Behrens, Arno, Stefan Giljum, Jan Kovanda, and Samuel Niza. 2007. “The Material Basis of the Global Economy: Worldwide Patterns of Natural Resource Extraction and Their Implications for Sustainable Resource Use Policies.” Ecological Economics, Special Section - Ecosystem Services and Agriculture Ecosystem Services and Agriculture, 64 (2): 444–53. https://doi.org/10.1016/j.ecolecon.2007.02.034.
Beinhocker, Eric D. 2011. “Evolution as Computation: Integrating Self-Organization with Generalized Darwinism.” Journal of Institutional Economics 7 (Special Issue 03): 393–423. https://doi.org/10.1017/S1744137411000257.
Beinhocker, Eric D. 2007. Origin of Wealth: Evolution, Complexity, and the Radical Remaking of Economics. Harvard Business Press.
Bhattacharya, Jay, and Mikko Packalen. 2020. “Stagnation and Scientific Incentives.” Working Paper 26752. National Bureau of Economic Research. https://doi.org/10.3386/w26752.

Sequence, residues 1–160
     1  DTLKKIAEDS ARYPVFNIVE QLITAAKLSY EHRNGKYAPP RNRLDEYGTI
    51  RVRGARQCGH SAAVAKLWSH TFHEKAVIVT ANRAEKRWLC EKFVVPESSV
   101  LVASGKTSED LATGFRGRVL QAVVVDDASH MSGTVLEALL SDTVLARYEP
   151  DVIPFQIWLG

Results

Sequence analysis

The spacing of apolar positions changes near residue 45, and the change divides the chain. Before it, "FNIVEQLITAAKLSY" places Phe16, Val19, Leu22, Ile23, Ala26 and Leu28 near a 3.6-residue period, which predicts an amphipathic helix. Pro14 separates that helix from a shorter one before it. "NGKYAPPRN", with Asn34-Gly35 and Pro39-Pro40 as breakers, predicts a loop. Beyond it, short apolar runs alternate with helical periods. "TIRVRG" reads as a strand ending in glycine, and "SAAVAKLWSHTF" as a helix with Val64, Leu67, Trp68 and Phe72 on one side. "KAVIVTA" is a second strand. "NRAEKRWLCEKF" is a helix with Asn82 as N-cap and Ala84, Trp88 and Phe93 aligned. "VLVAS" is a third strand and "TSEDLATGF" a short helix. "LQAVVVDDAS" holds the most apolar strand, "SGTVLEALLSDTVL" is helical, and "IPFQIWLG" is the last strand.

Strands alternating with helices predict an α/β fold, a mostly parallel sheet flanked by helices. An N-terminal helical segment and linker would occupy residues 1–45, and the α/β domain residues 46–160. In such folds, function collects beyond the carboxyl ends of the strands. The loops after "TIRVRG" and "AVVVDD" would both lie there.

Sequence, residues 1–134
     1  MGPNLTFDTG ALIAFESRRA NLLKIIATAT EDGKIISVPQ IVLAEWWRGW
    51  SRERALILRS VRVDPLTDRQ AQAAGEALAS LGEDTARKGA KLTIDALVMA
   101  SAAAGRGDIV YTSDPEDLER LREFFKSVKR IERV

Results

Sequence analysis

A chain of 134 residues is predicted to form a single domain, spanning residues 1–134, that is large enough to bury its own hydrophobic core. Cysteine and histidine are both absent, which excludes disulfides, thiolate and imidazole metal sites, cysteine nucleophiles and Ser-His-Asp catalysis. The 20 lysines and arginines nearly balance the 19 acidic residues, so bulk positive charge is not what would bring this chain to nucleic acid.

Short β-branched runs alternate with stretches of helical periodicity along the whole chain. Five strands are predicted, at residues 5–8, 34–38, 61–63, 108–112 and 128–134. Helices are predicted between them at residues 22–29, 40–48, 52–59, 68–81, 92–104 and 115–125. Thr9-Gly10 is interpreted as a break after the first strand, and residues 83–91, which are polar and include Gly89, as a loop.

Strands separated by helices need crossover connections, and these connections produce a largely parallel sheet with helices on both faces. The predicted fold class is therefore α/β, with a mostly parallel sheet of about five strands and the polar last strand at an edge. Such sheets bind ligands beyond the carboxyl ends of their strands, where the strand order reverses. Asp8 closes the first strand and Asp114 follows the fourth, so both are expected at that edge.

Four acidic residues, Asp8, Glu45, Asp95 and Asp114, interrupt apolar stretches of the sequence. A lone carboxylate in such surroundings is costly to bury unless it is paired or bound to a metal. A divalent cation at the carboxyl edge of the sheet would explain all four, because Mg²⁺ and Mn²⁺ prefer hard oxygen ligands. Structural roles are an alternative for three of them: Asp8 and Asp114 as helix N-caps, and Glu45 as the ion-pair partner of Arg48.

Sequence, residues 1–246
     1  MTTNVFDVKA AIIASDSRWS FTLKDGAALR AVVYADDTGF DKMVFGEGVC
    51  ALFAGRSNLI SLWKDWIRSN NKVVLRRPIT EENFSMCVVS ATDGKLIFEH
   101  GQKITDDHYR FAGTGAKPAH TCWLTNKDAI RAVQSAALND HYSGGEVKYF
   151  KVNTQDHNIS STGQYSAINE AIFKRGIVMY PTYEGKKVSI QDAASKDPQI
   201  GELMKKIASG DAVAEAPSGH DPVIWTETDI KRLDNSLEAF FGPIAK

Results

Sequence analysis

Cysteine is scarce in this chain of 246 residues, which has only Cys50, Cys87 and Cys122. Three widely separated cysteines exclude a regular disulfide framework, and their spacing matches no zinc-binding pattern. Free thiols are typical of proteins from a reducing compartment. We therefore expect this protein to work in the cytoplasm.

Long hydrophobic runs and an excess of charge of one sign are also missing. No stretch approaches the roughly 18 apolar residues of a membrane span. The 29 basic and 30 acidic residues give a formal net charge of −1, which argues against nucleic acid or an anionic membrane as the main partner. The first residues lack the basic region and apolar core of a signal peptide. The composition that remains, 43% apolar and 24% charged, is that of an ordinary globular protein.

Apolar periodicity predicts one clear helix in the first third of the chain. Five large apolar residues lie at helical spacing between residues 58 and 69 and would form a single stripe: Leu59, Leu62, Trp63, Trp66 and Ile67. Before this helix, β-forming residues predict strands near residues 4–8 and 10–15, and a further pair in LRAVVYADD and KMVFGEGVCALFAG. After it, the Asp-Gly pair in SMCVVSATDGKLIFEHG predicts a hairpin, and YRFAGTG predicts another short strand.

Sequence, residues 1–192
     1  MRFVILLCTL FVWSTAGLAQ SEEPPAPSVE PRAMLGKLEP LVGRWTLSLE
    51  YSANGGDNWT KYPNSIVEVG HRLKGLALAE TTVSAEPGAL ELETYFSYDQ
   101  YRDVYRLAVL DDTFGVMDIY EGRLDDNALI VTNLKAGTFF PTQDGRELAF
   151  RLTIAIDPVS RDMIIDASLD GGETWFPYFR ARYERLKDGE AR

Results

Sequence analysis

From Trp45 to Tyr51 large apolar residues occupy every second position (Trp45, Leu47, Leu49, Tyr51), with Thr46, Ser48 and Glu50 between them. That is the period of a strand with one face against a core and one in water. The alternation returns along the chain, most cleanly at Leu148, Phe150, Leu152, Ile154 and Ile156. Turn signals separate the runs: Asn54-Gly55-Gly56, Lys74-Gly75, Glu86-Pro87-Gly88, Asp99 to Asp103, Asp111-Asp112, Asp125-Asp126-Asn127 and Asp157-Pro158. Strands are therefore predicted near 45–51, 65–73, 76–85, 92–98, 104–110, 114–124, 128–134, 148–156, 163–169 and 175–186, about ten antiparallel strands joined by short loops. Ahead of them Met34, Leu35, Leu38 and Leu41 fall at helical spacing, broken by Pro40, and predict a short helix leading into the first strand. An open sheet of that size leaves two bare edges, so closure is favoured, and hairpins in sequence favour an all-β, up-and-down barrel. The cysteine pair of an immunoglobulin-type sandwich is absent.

Bloom, Nicholas, Charles I. Jones, John Van Reenen, and Michael Webb. 2016. “Are Ideas Getting Harder to Find?” Manuscript, Stanford University, Palo Alto. http://www-leland.stanford.edu/~chadj/IdeaPF.pdf.
Castellani, Brian, and Rajeev Rajaram. n.d. “How Large Must a Population Be to Accomplish Great Things?” 15. https://www.art-sciencefactory.com/population&creativity.pdf.
Cristelli, Matthieu, Andrea Tacchella, and Luciano Pietronero. 2015. “The Heterogeneous Dynamics of Economic Complexity.” PLoS ONE 10 (2): e0117174. https://doi.org/10.1371/journal.pone.0117174.
David, Paul A. 1985. “Clio and the Economics of QWERTY.” The American Economic Review 75 (2): 332–37.
Filimonov, Vladimir, David Bicchetti, Nicolas Maystre, and Didier Sornette. 2014. “Quantification of the High Level of Endogeneity and of Structural Regime Shifts in Commodity Markets.” Journal of International Money and Finance, Understanding International Commodity Price Fluctuations, 42 (April): 174–92. https://doi.org/10.1016/j.jimonfin.2013.08.010.